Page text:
ANDY JOHNSON went from using today's chip paper to being tomorrow's back-page news.
Now the former England striker is helping athletes prepare for life after retirement.
Johnson grew up in Bedford as the son of an NHS worker and a roofer and got his first job as a teenager – a far cry from the £40,000 per week he earned at Everton and Fulham.
He told The Times in 2021: "We certainly weren’t well off, but my mum and dad had really good jobs and they worked to give me everything.
"I worked a Saturday job in a chip shop in Bedford, a place called Andy’s Chippy — it’s still there now, actually.
"I was 15, a year before I joined Birmingham City [in 1998].
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"Mum and Dad were sick of giving me pocket money for sweets and they told me to get out and get into the real world.
"It was a good laugh, and it was nice to earn a bit of money for myself."
Johnson, 42, added: "I earned top-endish money at both Everton and Fulham, upwards of £40,000 a week. Only regular internationals got six figures back then.
"They say there’s a very small window now when players need to maximise their earnings.
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"With injuries and lack of form, the actual time on the pitch when you’re physically at your peak is five to six years, even though your actual career can be much longer."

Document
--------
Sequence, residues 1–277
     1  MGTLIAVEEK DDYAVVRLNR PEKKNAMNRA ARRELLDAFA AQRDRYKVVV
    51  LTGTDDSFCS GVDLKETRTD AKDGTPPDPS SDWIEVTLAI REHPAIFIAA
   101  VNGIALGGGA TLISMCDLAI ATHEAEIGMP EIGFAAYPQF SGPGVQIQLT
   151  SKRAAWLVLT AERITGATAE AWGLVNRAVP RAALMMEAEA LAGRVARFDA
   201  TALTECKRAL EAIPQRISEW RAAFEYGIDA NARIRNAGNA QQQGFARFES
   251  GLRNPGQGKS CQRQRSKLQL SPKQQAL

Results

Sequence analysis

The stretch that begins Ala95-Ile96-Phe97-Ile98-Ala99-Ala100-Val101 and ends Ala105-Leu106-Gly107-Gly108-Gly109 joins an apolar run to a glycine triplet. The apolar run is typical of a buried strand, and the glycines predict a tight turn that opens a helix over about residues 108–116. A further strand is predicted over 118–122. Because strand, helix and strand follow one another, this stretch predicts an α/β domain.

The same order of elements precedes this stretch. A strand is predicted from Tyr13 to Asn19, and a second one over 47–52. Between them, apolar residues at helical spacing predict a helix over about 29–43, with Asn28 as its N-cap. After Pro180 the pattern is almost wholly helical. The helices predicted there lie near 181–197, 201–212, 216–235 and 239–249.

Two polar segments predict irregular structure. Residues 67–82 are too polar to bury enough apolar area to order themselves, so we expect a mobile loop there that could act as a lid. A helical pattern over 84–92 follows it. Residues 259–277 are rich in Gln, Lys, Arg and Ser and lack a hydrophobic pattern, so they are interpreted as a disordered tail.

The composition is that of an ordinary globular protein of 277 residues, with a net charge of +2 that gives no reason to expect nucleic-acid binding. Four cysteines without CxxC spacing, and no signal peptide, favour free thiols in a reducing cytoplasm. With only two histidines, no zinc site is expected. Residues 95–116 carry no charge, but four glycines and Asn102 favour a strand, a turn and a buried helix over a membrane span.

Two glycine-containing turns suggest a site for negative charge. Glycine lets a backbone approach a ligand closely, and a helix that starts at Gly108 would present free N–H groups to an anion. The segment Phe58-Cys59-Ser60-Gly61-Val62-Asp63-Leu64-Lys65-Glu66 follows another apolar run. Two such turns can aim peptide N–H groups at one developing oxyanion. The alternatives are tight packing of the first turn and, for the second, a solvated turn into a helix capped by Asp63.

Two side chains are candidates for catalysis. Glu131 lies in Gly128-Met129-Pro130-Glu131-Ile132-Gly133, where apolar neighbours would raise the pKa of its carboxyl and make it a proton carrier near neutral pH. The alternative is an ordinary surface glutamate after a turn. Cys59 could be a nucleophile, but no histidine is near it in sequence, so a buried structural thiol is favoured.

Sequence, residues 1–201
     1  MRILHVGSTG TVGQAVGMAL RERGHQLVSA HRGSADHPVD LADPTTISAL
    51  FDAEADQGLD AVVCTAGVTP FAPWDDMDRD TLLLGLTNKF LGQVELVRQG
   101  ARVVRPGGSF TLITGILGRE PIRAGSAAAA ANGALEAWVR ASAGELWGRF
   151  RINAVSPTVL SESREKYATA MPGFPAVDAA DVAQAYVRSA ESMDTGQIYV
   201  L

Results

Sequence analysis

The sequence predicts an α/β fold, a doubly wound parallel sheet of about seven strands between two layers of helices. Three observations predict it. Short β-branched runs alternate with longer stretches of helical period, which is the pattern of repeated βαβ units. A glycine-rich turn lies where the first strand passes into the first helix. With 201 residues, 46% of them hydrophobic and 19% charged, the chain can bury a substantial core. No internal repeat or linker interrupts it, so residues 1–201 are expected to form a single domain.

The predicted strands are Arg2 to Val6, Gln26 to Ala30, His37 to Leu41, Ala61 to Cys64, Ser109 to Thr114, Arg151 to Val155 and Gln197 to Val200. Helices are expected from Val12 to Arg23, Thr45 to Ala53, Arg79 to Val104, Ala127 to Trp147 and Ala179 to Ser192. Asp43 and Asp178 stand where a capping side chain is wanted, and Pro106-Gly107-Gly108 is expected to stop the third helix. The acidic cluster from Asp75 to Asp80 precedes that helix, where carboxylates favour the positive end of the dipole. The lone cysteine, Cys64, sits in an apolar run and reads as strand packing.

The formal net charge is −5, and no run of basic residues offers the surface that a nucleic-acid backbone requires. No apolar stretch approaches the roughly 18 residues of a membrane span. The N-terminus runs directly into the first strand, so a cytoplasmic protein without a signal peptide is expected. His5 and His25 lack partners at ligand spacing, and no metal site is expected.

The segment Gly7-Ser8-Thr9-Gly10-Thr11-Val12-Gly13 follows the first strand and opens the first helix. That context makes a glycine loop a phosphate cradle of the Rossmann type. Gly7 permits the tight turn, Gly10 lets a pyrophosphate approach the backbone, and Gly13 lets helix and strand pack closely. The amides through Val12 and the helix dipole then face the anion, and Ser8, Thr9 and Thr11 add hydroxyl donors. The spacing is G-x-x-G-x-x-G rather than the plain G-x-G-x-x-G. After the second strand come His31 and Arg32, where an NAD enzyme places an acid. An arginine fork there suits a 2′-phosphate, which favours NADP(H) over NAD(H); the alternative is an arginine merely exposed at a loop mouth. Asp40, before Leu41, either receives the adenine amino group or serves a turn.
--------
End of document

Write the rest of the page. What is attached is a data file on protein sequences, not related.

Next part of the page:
Johnson came through at Birmingham before spells with Crystal Palace, Everton, Fulham and QPR then finished his career in 2015 after a brief return to Selhurst Park.
His red-hot form at Palace earned him his £8.6million transfer to Goodison Park – but first came his senior England debut in 2005, snubbing the chance to represent Poland.
He was a reserve for the Three Lions at the 2006 World Cup and went on to make eight caps, failing to score.
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During his playing days, Johnson co-founded his own property company and works as an ambassador for Crystal Palace.
But in April, he launched his BAND business which focuses on advising professional athletes on their transition into post-playing life and stepping into the business world.
Johnson – who once bought an Audemars Piguet watch for £118,000 – added: "Being a sportsman and a business owner can be a lonely place. I was a business owner at 27, but it can be tough.
"It’s great to give back my experiences of what I’ve gone through to athletes.
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"The money I was on will sound like lots to many people, but I always worried. When you’ve got kids it changes your thought process.
"A lot of sportspeople have too much time on their hands and too much money. It’s too easy to make silly decisions, whether it’s clothes or watches or something else. There’s a lot of impulse buying."
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